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Hum Pathol. 2002 Aug;33(8):806-11.

Expression of CD10 by stromal cells during colorectal tumor development.

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Department of Pathology, Tokyo Medical University, Tokyo, Japan.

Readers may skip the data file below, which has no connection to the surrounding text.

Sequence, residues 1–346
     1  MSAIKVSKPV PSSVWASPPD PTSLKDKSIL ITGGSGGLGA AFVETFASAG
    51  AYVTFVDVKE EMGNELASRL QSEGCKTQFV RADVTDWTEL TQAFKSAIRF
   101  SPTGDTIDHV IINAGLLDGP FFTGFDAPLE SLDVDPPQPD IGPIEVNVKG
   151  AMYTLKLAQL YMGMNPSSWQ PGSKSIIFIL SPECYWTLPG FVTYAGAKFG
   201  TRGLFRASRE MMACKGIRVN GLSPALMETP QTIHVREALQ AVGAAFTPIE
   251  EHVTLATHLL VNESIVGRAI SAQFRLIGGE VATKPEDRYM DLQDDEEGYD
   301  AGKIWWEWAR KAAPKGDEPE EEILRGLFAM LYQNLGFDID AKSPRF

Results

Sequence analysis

CD10 is a cell surface metalloprotease expressed by a variety of normal cell types, including lymphoid precursor cells, germinal center B lymphocytes, and some epithelial cells. We noticed that stromal cells of some cancers are positive for CD10. In this study, we investigated the role of CD10 produced by the stromal cells of colorectal neoplasms in the progression of colorectal neoplasms. Immunohistochemical examination of CD10 and p53 was performed in 169 colorectal epithelial neoplasms representing various stages of carcinogenesis. The results were correlated with the morphologic characteristics of the neoplasms. There was no expression of CD10 in the stromal cells of normal colorectal tissue. CD10-positive stromal cells were present adjacent to the tumor cells in 16 of 73 adenomas with mild or moderate dysplasia. More frequent expression of CD10 by the stromal cells was detected in adenomas with severe dysplasia (12 of 17), intramucosal carcinomas (10 of 16), and invasive carcinomas (50 of 63) than in adenomas with mild or moderate dysplasia (P < 0.0001). Expression of CD10 by > 10% of the stromal cells was detected only within the area of the invasive growth front of invasive carcinomas, not in adenomas and in only 1 of the intramucosal carcinomas. The difference between invasive and non invasive tumors was significant (P < 0.0001). The stromal expression of CD10 was significantly associated with the accumulation of p53 and a larger tumor size. These results indicate that CD10 expression is an integral part of colorectal carcinogenesis. CD10 expression seems to contribute to the invasion and thus probably facilitates metastasis.

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